At-Large City Councilor Fred Keach says the goal is to keep disruption during construction to a minimum for downtown businesses.

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NH News
3:40 pm
Wed July 30, 2014

Concord City Council To Vote On Downtown Revamp

Credit From MainStreetConcord.com

The Concord City Council is meeting tonight to vote on whether to spend more than $10 million revitalizing its Main Street corridor.

For nearly two decades, Concord has debated the pros and cons of redesigning and rebuilding nine blocks of Main Street.

Pedestrian friendly and aesthetically pleasing plans to revamp downtown are up for a vote in the City Council. At-Large Councilman Mark Coen supports the project. And says Concord is the latest in a long list of communities to explore such changes.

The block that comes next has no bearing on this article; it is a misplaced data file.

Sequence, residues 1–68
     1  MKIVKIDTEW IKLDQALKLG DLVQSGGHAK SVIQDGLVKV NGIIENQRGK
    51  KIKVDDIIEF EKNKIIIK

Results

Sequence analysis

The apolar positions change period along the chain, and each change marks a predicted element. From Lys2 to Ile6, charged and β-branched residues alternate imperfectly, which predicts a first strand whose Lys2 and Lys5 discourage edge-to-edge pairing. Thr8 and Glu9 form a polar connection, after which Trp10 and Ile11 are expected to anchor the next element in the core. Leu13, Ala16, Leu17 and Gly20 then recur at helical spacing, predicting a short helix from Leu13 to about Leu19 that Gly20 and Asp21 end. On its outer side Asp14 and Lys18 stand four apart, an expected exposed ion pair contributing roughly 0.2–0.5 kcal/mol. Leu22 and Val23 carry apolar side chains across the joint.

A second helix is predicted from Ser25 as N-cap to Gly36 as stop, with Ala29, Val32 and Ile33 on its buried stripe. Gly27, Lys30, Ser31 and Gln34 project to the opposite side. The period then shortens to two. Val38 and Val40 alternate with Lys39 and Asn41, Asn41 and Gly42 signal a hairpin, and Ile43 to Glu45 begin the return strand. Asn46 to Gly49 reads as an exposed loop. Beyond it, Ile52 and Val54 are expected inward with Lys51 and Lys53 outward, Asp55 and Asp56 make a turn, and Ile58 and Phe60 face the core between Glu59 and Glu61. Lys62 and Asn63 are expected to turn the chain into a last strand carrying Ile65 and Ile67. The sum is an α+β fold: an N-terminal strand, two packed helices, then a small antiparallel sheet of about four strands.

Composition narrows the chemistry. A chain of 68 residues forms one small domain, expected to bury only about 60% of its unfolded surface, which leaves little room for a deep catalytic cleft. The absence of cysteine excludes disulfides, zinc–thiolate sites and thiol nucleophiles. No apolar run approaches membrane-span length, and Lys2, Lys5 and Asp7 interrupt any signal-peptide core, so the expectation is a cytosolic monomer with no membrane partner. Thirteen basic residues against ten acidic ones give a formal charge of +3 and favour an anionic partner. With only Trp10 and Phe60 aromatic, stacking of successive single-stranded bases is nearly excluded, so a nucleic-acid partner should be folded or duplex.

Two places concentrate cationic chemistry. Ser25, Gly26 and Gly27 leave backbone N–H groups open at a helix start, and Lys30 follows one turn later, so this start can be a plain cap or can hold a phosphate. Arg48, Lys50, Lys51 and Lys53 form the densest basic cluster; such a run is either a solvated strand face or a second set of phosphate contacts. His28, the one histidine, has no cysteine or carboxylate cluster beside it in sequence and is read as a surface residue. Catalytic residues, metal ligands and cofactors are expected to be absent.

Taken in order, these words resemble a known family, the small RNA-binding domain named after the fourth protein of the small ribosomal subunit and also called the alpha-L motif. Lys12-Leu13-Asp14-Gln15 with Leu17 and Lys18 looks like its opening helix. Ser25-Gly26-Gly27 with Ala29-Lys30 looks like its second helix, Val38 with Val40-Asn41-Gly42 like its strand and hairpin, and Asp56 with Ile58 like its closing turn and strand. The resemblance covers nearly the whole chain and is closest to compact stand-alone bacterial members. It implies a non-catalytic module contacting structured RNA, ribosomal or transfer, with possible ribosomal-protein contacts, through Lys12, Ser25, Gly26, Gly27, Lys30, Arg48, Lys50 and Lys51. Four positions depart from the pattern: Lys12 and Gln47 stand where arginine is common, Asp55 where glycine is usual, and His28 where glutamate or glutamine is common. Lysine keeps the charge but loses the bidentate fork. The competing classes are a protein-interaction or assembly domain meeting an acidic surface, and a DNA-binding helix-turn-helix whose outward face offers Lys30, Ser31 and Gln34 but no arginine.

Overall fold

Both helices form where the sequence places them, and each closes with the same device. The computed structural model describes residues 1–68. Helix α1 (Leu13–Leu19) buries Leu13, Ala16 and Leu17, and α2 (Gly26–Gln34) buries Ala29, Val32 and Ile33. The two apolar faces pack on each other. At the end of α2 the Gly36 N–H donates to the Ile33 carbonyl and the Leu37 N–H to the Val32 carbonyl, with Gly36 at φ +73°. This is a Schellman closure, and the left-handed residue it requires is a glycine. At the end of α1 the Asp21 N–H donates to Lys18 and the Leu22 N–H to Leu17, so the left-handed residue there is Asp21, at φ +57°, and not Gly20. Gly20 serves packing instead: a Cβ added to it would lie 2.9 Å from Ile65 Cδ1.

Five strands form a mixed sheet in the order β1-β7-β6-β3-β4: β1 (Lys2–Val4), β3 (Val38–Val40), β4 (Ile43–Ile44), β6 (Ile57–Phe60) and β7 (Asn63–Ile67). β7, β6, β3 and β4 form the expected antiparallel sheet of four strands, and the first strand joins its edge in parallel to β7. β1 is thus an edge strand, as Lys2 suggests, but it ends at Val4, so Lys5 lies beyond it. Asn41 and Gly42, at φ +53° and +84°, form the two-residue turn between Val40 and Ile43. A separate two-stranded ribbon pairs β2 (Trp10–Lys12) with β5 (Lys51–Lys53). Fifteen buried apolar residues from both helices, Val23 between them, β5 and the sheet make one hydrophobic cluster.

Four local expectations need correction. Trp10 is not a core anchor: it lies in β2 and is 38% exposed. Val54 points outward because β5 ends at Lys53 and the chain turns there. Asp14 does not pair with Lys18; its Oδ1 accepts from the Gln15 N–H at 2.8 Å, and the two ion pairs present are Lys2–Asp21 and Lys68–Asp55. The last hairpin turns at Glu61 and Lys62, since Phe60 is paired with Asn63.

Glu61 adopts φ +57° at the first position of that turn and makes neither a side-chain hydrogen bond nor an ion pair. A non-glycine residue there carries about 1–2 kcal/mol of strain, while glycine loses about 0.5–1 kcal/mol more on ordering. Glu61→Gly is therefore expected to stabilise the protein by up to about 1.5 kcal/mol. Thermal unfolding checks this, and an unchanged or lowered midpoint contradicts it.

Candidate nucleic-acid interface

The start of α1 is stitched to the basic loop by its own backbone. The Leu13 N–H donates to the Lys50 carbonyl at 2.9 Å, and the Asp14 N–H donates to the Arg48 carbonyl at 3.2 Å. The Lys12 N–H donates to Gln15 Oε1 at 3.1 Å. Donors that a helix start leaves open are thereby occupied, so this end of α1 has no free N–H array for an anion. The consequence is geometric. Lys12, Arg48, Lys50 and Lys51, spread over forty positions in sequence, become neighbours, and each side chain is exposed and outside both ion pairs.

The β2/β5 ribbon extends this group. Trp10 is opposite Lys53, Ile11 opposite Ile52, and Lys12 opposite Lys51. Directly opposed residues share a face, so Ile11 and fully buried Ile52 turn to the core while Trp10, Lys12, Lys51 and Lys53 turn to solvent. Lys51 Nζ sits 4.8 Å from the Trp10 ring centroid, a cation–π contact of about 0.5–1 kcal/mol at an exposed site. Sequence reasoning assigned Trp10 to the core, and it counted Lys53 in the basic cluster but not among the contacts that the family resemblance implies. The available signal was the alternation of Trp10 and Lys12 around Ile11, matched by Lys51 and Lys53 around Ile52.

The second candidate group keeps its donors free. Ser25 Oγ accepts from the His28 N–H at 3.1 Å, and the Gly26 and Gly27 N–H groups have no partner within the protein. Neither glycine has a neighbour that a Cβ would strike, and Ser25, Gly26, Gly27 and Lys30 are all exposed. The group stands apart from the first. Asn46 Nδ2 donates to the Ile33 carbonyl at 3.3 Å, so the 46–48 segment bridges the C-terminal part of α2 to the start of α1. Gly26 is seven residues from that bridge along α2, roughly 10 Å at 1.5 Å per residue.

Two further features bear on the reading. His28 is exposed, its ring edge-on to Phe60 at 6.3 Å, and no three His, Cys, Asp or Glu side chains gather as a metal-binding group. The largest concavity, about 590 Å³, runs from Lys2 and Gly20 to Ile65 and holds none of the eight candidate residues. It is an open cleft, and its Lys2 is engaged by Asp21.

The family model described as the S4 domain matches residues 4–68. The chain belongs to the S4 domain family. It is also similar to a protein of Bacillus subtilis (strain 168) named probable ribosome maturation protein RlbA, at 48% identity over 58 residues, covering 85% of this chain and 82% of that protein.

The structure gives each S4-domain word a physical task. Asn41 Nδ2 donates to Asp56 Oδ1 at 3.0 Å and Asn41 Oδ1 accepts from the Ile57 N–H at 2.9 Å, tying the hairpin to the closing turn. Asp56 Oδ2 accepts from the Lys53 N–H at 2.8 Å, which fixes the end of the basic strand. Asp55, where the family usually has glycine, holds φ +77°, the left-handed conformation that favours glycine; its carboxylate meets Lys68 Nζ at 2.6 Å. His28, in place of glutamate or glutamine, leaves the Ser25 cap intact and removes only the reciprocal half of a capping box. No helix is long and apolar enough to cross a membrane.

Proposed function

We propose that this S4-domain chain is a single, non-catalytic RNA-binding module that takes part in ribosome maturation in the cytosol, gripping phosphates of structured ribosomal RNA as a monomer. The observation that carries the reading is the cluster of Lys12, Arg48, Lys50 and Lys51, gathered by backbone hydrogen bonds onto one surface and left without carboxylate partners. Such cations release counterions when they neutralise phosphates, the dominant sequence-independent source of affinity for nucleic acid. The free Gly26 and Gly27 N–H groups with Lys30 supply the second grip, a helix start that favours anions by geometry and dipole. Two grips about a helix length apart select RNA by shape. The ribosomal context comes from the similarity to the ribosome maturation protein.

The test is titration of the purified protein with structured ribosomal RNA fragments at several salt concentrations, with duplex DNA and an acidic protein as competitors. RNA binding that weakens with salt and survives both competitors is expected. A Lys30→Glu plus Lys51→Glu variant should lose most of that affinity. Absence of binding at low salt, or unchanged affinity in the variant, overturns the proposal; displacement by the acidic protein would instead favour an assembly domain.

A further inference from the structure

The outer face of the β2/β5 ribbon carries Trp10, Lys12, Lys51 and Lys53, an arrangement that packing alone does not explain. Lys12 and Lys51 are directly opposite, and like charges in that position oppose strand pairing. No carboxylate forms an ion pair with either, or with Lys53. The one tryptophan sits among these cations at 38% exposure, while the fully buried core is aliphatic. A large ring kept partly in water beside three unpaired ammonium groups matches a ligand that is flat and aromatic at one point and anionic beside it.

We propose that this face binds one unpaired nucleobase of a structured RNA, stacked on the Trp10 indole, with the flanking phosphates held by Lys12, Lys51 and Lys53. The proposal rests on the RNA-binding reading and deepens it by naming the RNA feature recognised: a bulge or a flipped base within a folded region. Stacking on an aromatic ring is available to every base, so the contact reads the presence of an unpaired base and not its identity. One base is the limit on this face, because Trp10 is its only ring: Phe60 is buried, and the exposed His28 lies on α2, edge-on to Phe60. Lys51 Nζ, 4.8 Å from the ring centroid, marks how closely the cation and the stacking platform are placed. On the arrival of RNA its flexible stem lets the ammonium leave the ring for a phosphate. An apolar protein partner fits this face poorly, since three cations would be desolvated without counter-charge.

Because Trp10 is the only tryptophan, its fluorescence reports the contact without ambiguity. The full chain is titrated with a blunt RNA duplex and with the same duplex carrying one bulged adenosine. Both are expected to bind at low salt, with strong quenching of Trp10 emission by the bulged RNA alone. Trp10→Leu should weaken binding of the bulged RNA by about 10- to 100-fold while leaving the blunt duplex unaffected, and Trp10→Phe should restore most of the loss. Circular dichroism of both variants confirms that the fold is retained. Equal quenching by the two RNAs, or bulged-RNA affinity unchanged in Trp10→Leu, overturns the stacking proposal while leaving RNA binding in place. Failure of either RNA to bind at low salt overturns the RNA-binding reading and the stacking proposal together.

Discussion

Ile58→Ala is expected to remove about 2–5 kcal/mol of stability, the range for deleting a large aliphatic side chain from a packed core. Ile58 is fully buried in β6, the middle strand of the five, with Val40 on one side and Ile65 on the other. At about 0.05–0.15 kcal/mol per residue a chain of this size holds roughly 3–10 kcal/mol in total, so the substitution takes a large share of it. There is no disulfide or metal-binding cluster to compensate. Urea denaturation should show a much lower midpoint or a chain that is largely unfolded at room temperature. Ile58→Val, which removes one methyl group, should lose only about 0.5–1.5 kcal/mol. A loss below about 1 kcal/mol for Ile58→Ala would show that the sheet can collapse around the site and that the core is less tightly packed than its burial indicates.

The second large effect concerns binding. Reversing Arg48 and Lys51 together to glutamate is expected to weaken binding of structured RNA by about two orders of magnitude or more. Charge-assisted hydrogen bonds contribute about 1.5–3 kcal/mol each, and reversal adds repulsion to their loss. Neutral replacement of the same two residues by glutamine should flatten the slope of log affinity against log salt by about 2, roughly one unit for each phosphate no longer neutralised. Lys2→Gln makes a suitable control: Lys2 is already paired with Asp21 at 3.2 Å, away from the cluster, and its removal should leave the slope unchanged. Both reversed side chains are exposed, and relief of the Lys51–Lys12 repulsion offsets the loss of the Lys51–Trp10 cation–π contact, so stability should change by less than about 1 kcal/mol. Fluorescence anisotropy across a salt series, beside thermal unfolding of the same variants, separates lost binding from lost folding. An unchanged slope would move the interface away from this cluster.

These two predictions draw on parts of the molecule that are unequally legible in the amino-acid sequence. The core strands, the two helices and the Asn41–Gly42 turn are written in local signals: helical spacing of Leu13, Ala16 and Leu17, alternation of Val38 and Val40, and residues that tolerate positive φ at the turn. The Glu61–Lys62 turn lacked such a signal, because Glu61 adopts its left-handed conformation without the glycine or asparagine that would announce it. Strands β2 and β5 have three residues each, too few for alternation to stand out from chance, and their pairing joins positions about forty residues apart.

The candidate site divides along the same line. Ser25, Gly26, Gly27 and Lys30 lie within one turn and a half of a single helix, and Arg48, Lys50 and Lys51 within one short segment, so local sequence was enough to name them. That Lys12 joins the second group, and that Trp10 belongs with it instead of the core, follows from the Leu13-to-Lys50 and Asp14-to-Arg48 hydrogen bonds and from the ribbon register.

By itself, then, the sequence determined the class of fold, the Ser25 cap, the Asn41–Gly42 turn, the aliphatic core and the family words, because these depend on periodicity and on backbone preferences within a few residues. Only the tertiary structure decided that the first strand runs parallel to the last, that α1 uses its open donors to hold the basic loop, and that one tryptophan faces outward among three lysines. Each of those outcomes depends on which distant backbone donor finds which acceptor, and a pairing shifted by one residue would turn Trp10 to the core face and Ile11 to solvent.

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Word of Mouth
2:38 pm
Wed July 23, 2014

Historical New Hampshire: Cultural Highlights In The Southern Counties

Credit jbspec7 via Flickr CC

New Hampshire is often advertised as a state filled with natural attractions, famous for our mountains (Mt. Washington and Mt. Monadnock are both known world-wide), lakes, and rivers. But the state is filled with historical landmarks as well, which Lucie Bryar covers in her book Exploring Southern New Hampshire: History and Nature on Back Roads and Quiet Waters. Here are some of the cultural attractions in southern NH you may not have heard about, but that you’ll definitely want to check out.

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NH News
2:49 pm
Thu July 17, 2014

Concord's Market Days Celebrates 40 Years

A vendor makes ribbon fries during Market Days in Concord on Thursday.
NHPR / Michael Brindley

The 40th annual Market Days is underway in Concord.

The event runs through Saturday and tents will line Main Street with sidewalk sales, food vendors, live music, and other activities.

Stephanie Green of Hopkinton comes every year, and says the three-day event creates a real sense of community.